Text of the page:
Swellable-Nanogel-Injection Pilot in Mendoza Norte, Argentina

Schematic of dosing system.

Despite the increasing attention paid to nanogels, there has been little research about the transfer of their properties to field pilots. The authors of the complete paper, SPE 184586, observe that nanogels increase their size faster than expected or produce aggregation leading to serious blocking problems at the sandface. This was observed in both coreflooding experiments and field pilot tests regardless of water composition. The addition of a certain concentration of surfactant slightly improves injectivity.


The authors refer to a Chinese commercial system whose manufacturers describe the purpose of the treatment as the following:

  1. To form a certain degree of injection resistance in the existing high-permeability water channels, to create a more-homogeneous reservoir

  2. To displace the oil in the relatively low-permeability (oil-containing) regions by enlarging sweep area

  3. To increase oil production and decrease water cut for the long term.

The key message is that nanospheres divert water flow deep in the reservoir from high-permeability to low-permeability regions.

The commercial system is a precrosslinked polymer that is commercialized as a nano-inverse emulsion (the continuous phase is oil). The precrosslinked polymer stays inside water drops that are stabilized by a surfactant and an external phase (oil).

The product application in the field is very simple. It consists of adding the nanogel emulsion to the injection water, which is an advantage because specific facilities are not needed.

To prepare the dispersion (2,000 ppm) of nanogel in the laboratory, the product is added to water under stirring at 700 rev/min at room temperature. A description of the product’s characteristics is provided in the complete paper.

Swellable-Nanogel-Injection Pilot

Reservoir Characteristics. Barrancas is a high-temperature (100°C) and medium-salinity reservoir. The reservoir is under waterflooding; currently, the recovery factor is approximately 27% at less than one pore volume of injected water. The reservoir is formed by conglomerates and sandy conglomerates. The trap is of the structural/stratigraphic type. The reservoir has four intervals (Green, Purple, Blue, and Red), with the following average properties:

  • Gross thickness: 60 m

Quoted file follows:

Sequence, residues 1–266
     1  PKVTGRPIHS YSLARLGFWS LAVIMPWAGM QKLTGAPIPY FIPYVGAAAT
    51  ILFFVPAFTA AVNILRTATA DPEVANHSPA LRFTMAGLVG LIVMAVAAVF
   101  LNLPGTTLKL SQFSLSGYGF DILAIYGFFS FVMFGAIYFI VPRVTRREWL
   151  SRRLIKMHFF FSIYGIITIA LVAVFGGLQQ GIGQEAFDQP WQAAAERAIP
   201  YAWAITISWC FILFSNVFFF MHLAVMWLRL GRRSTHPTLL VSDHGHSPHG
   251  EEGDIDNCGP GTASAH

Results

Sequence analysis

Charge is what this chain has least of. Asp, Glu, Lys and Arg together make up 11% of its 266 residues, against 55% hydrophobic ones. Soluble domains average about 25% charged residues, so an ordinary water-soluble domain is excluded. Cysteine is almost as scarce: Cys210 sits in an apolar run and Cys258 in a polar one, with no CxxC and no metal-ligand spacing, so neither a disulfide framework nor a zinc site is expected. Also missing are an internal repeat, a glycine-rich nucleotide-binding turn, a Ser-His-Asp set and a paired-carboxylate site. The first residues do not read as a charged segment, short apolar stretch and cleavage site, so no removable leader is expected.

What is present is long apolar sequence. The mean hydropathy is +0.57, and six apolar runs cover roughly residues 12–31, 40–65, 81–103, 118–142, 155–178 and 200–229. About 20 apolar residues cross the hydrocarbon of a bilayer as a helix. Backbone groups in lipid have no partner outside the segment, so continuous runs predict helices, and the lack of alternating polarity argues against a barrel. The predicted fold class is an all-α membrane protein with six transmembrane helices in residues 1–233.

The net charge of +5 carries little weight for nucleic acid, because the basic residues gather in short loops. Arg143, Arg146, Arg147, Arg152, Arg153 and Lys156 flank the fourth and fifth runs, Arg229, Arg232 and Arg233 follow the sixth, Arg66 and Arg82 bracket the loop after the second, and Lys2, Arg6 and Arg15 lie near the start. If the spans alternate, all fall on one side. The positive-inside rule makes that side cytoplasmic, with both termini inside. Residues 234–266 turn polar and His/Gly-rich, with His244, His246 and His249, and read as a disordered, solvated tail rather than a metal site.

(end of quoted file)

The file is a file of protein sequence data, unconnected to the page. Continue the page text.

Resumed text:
• Net pay: 25–20 m

  • Porosity: 17%

  • Permeability:           

    • Green: 60 md

    • Purple: 30 md

    • Blue: 8 md

    • Red: 120 md

Injection Pilot. The nanogel-injection pilot began in December 2013 in the Barrancas Formation on injector Well B-342. The original design was the injection of 0.2 pore volumes in the array (1 year of injection, 30–40% active matter) to obtain a recovery factor increase of 6%.

The facilities are compact and easy to implement (Fig. 1; see image above). The dosing system placed in the well location has two high-pressure pumps (200 kg/cm2). There is a digital high-pressure flowmeter to control the nanogel injection.

There were two attempts to inject nanogel emulsion. In the first case, the rate was approximately 100 m3/d and the pressure 155 kg/m3. After the nanogel injection, the injectivity rate decreased very quickly. The strategy to prevent injectivity impairment was to diminish the product concentration. The first period lasted approximately 4 days and the pressure rode up to 190 kg/cm2, with an injection rate of 40 m3/d (in the same period, there were several injection downtimes). It was then decided to stop nanogel injection because of low injectivity. Later, several cleanups were carried out with chlorine dioxide, but the damage was not easily removed. Mud acid was subsequently employed to clean up the well.

In the second attempt, the injection rate was 140 m3/d and the pressure 135 kg/cm2. The same phenomenon occurred. After 5 days, the flow rate decreased to 35 m3/d and the pressure rose to 195 kg/cm2. The investigators failed to recover injectivity conditions previous to nanogel injection, and, during the intervention, produced gel flock from downhole.   

Possible Causes of Injectivity Loss

The injectivity loss was highly influenced by the nanogel; the other wells in the area did not lose injectivity in the same proportion.

  • High nanogel concentrations were injected for a couple of hours because there were several injection downtimes in the injection.

  • The well never recovered the initial injectivity, even after the acid job, which may indicate that the damage was not easily removed.

  • The investigators suspected that the product did not meet specifications.

  • Even though the nanogel was designed to be compatible with the water salinity of Barrancas field, the water quality was not properly defined as the TSS (total suspended solids) and the total oil content.


Step 1. The objective of this step was to validate the quality of product (nanogel emulsion). The conditions and the values of the product were the following:

  • The samples of stored emulsion were validated according to the manufacturer’s specifications. The average initial size was 60 nm at 25°C.

  • The viscosity of emulsion was within the manufacturer specified range.

  • The thermal stability test was good. No obvious changes were observed compared with initial properties.